Cruise Lines International Association, the industry’s main marketing group, now a worldwide organization. CLIA agents have had training in cruises; those agents accredited as Certified Cruise Counselors by CLIA have particularly extensive training. CLIA’s website has a search tool to find an agent in your area. American Society of Travel Agents, which monitors agencies for ethical practices. Use the search function on the website to find ASTA agents who have specialties in "cruises" or "cruise lines."
Note that not all agents represent all cruise lines. They may limit their offerings to one or two mainstream, premium, and luxury lines (this maximizes their sales with the lines, increasing their commissions). Be cautious about being pushed to a line just because the agent wants to earn more. A good agent should ask questions about your specific vacation preferences and book accordingly.
Generally, you’ll get more personalized care from a smaller agency rather than the mega online agencies such as Travelocity.com, Expedia.com, or Orbitz.com and big agencies. That said, the big agencies do have phone numbers you can call and/or online chat forums where you can ask questions. Get the name and direct number of the agent you deal with, if possible, in case you have follow up questions.
How Agents Save You Money:
The cruise lines tend to communicate deals to their top agents first, before they appear in public. Some of these deals will never appear in your local newspaper, on bargain travel websites, or even on the websites of the cruise lines themselves.
Some of these promotional offers are confusing, but good agents know how to play the game. For example: A line offers a "guarantee cabin" promotion that allows you to book a category of cabin rather than a specific cabin, and guarantees that your cabin will be in that category or better. An informed agent can direct you to a category where your chances of an upgrade are better.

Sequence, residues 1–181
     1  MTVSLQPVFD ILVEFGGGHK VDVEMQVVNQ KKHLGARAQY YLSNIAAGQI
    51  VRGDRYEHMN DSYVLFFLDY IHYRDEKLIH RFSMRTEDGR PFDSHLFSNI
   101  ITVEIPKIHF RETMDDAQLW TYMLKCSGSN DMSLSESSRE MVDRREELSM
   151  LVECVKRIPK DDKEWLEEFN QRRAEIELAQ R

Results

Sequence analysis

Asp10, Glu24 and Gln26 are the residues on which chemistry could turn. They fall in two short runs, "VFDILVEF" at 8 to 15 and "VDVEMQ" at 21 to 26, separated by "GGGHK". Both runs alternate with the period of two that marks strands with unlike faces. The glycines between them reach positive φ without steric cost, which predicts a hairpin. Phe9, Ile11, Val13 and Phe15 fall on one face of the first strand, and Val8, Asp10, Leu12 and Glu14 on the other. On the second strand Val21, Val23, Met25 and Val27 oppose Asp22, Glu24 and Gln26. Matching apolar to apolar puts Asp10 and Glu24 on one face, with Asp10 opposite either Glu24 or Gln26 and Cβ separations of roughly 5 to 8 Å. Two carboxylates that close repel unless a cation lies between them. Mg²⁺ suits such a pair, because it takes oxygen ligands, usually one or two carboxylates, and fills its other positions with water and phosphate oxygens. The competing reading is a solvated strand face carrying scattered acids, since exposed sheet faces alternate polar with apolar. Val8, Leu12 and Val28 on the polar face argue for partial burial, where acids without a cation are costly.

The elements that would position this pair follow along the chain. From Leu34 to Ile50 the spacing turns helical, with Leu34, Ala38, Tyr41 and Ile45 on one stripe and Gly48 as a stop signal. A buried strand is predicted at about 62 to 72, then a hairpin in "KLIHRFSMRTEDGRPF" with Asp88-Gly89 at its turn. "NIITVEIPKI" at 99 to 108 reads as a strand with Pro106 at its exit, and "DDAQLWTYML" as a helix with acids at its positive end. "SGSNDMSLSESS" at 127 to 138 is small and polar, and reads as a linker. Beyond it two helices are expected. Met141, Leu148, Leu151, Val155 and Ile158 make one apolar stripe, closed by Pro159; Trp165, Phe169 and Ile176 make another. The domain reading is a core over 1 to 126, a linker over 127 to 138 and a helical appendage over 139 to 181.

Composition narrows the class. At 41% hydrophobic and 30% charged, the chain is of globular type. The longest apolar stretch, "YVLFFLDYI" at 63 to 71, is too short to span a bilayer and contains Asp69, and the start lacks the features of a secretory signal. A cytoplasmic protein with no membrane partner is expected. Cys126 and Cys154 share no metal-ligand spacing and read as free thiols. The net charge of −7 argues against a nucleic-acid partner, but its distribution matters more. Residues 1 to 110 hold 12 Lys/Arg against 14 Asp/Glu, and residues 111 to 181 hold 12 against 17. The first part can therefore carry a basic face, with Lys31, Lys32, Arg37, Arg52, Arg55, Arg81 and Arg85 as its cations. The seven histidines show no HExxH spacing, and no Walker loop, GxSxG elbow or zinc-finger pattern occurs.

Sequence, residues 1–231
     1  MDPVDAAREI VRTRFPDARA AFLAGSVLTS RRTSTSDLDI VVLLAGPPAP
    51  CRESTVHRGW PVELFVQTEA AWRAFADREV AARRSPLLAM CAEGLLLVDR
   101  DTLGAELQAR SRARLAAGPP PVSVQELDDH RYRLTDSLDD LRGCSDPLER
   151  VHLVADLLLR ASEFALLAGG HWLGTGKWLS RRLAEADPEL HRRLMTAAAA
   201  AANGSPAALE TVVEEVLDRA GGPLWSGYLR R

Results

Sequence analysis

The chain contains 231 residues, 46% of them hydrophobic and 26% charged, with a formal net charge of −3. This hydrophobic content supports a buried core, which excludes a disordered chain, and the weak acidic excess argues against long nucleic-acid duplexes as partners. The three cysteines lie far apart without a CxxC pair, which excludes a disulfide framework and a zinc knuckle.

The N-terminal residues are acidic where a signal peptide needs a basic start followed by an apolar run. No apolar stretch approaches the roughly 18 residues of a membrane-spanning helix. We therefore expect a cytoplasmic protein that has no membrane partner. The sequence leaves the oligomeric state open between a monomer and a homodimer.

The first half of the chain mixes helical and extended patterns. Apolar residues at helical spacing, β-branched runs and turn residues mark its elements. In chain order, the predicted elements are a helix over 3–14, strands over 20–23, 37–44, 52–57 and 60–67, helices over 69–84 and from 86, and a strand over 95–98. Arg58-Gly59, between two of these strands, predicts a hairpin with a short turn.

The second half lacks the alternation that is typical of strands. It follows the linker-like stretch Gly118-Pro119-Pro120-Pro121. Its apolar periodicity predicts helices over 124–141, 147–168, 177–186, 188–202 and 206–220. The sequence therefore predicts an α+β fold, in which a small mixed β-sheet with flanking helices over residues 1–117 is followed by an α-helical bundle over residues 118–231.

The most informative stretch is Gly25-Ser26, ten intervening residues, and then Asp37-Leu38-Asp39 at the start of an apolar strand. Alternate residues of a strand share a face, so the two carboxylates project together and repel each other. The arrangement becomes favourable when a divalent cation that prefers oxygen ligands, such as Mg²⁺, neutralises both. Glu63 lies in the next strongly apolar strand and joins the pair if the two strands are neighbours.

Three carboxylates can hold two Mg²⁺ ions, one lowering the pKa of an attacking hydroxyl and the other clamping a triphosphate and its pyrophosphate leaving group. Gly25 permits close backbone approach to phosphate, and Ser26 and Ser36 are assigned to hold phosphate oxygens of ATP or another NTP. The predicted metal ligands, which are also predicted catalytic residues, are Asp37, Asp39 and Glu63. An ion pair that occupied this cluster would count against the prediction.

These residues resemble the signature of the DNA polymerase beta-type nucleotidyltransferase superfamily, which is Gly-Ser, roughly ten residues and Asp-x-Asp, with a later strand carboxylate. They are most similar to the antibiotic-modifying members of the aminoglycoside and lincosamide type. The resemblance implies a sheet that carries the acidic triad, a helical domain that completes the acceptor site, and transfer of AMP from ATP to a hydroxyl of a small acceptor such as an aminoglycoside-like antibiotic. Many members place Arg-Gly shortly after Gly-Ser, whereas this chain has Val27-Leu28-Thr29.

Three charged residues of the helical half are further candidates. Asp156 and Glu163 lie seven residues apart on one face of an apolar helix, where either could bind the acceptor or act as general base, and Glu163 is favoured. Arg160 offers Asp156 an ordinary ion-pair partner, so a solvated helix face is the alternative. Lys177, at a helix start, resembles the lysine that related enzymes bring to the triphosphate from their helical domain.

The cruise lines will also sometimes upgrade passengers as a favor to their top-producing agents.
Depending on the agency you choose, you may run across other incentives for booking through an agent. Some agencies buy blocks of space on a ship in advance and offer it to their clients at a reduced "group" price. Others may throw in perks such as a bottle of champagne.
Remember: Always make sure you understand what’s included in any fare you are quoted to determine if you’re actually realizing any savings. Is it cruise-only or does it include port charges, taxes, and fees? How much are airfare and airport transfers? Is insurance extra? One agent/website might break down the charges in a price quote, while another bundles them all together. Make sure you’re comparing apples with apples when making price comparisons.
The travel business tends to attract its share of scam artists. If you get a solicitation by phone, fax, mail or e-mail that doesn’t sound right from an agency (especially if you’re told you won a free cruise), call your state consumer-protection agency or the local office of the Better Business Bureau, or call the cruise line and see if they’ve ever heard of the agency.
Protect yourself by making sure the deposit you pay goes directly to the cruise line rather than into a travel agency account – if that’s not the case, be wary. And always use a credit card to pay the bill if that’s an option.
--Fran Golden is the Experience Cruise expert blogger and a contributing editor of Porthole Magazine. She is the co-author of Frommer’s Alaska Cruises and Ports of Call.